On World Mosquito Day, the U.S. Government says it has reached 570 million people in 24 “malaria endemic” countries with malaria treatment and prevention services.
World Mosquito Day, observed annually on Aug. 20, is a commemoration of British doctor Sir Ronald Ross’s discovery in 1897 that female mosquitoes transmit malaria between humans.
Ross is responsible for the annual observance, having declared shortly after his discovery that the day should be known as World Mosquito Day in the future.
The U.S. Agency for International Development (USAID) on its official Twitter handle on Monday, stated that it had been able to reach countries through the U.S. President’s Malaria Initiative (PMI).
Using the #WorldMosquitoDay, the USAID added that malaria “is the leading cause of death in children under five years old.
“In sub-Saharan Africa, malaria is the leading cause of death in children under five years old.
“The PMI and partners have reached 570 million people in 24 malaria endemic countries with malaria treatment and prevention services.”
USAID also noted that, through the PMI, more than 268 million insecticide-treated nets had been distributed in 27 countries since 2005.
The agency added that treated bed nets were responsible for two-thirds of the seven million lives saved between 2000 and 2015 worldwide.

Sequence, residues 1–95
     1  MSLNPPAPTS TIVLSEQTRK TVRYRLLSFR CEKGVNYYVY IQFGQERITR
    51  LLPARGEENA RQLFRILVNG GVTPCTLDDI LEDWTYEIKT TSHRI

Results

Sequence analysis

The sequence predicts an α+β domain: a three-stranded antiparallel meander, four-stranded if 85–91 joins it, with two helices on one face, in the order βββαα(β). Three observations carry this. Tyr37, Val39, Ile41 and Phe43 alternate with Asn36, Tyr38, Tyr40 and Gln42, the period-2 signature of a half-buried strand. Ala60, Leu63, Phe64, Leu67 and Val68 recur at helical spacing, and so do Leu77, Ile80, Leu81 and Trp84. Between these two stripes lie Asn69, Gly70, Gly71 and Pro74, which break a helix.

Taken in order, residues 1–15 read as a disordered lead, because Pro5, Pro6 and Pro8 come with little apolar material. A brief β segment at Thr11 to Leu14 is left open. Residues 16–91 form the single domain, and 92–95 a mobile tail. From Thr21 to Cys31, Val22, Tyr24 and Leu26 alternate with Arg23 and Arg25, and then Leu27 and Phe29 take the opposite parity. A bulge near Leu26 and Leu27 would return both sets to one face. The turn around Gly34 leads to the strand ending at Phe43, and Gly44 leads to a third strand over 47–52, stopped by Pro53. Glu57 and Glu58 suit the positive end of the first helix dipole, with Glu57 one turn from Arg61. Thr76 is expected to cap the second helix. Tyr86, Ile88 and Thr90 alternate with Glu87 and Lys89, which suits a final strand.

“We look for these numbers to climb as more people get nets and net technology continues to advance.”
Mosquitoes kill about 445,000 people each year, through the transmission of malaria.
The PMI report stated that some estimates showed that eliminating malaria could save 11 million lives and yield an estimated $2 trillion in economic benefits from gains in productivity and health savings.
“The last decade has brought a number of advances in fighting malaria-carrying mosquitoes, including long-lasting insecticide treated nets and new insecticides for indoor residual spraying.
“New uses of technology, such as mobile phones and internet, can enhance timeliness and quality of relevant data and improve decision-making.
“In the coming years, we anticipate innovations in insecticides and a possible malaria vaccine,” the report stated.
Also, in its 12th Annual Report to the US Congress, released in April 2018, it stated that malaria remained a major public health challenge, despite the progress recorded in malaria interventions.
It added that the challenge could slow down progress made.
“Malaria prevention and control remains an important U.S. foreign assistance priority.
“Foreign assistance investments by the U.S. Government empower people, communities, and economies to progress on the path to self-reliance, and malaria interventions are among the most cost-effective.”
The PMI and other global partners have continually supported governments to prevent malaria mortality, morbidity and ensuring its elimination through a five-year strategy.
The strategy, which spans 2015 till 2020, aims at creating a world without malaria.
World Mosquito Day, observed annually on 20 August, is a commemoration of Sir Ronald Ross’ discovery in 1897 that female mosquitoes transmit malaria between humans.
Ross is responsible for the annual observance, having declared shortly after his discovery that the day should be known as World Mosquito Day in the future. (NAN)